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70,200 new migrants under 1999-2000 program

Australia's Migration (Non-Humanitarian) Program has again been delivered very close to target with the outcome of the 1999-2000 Program coming in at 70,200 visas, the Minister for Immigration and Multicultural Affairs, Philip Ruddock, announced today.

Mr Ruddock said there were 35,330 visas granted in the Skill Stream, which is the highest level since 1991-92. This represents more than 50 per cent of the program.

At the same time, the program maintained a strong commitment to family reunion with 32,000 visas granted in the Family Stream (46 per cent of the total Program). Spouses, fiances and children of Australian citizens and permanent residents took up 28,490 visas (89 per cent) of the Family Stream places. Parents took up a total of 1,900 places (6 per cent).

"The Business Skills category continues to grow with 3 per cent more visas granted in 1999-00," Mr Ruddock added.

"There has also been a strong response to the new points tested Independent category introduced on 1 July 1999 with nearly 12,400 people applying in 1999-00."

The new points test includes the key employability criteria applicable to skilled migrants, covering skills recognition, age and English language ability. It adds a greater degree of labour market targeting through the use of the Skilled Occupation List and the Migration Occupations in Demand List.

"The continued emphasis on skilled migration reinforces the Government's commitment to maintaining the improvements already achieved in the economic, budgetary and employment impact of immigration," Mr Ruddock said.



"Such improvements have done much to restore the community's confidence in the Migration Program over the past few years.

"This has been further strengthened by this Government's ability to manage the program within the parameters set at the beginning of each year," Mr Ruddock said.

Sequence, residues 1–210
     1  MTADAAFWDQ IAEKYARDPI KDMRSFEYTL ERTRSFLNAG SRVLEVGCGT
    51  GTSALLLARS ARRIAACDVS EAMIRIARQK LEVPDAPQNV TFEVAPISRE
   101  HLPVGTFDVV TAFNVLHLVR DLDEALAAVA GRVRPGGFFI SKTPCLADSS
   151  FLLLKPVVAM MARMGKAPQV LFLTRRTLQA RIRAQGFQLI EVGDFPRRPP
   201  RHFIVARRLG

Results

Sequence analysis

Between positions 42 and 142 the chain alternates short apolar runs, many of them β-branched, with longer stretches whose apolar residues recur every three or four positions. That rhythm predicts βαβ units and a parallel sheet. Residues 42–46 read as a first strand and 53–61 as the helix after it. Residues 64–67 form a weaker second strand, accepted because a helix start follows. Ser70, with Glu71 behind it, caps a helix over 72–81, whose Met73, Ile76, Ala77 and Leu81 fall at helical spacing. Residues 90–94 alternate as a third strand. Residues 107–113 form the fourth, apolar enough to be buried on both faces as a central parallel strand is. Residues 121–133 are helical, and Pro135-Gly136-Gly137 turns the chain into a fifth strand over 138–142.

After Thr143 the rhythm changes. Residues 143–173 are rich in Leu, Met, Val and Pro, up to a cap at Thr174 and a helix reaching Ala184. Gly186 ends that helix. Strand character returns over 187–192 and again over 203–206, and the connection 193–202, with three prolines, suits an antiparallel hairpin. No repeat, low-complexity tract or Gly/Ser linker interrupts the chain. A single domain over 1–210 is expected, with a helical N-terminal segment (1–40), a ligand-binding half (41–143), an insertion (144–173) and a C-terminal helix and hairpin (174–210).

Mr Ruddock said that the ability to deliver the program on target and with the desired balance contrasts considerably with other migration countries such as Canada and New Zealand where the actual outcomes (visas granted) have varied from the announced programs by as much as 20 per cent under target in recent years.

(New Zealand's 1999-2000 target was 38,000. At a final figure of 36,259 it was 3.9% below target. Canada's target was in the range 200-225,000. No final figure was available).

The Minister added that there has been an encouraging increase in the number of migrants coming under State specific migration mechanisms. The total of 3,309 visa grants was 18 per cent higher than in 1998-99.

"The Government has been working towards achieving a better dispersal of migrants around the country and to help employers in regional Australia meet skill shortages that can't be filled from the local labour market," Mr Ruddock said.

"I continue to encourage State and Territory governments, employers and regional authorities to make greater efforts to use these mechanisms that have been developed for them," Mr Ruddock said.

[Source: Ministerial Press Release MPS 077/2000]

For tables showing a breakdown of figures for each category for 1998-99 and 1999-00 go to - www.minister.immi.gov.au

See also www.australia.org.nz

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